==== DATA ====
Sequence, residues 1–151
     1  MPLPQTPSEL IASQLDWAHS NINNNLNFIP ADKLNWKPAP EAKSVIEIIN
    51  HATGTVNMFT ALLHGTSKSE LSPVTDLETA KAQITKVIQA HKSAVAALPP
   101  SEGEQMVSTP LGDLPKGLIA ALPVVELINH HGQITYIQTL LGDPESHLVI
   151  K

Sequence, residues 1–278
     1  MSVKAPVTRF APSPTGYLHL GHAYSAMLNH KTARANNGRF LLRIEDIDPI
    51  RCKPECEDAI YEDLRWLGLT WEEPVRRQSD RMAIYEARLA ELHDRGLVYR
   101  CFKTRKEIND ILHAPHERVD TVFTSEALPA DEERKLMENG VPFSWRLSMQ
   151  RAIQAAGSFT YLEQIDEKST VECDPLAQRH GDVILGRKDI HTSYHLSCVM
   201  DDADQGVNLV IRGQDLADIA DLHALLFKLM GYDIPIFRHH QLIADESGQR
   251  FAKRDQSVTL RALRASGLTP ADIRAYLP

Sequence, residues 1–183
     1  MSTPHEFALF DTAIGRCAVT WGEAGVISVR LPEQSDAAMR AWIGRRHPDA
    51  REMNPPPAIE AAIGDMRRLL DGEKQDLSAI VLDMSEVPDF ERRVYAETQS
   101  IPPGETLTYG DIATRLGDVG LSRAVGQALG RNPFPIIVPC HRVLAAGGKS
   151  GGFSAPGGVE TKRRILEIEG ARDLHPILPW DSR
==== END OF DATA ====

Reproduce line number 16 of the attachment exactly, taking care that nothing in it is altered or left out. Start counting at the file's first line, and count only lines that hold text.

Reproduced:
   101  IPPGETLTYG DIATRLGDVG LSRAVGQALG RNPFPIIVPC HRVLAAGGKS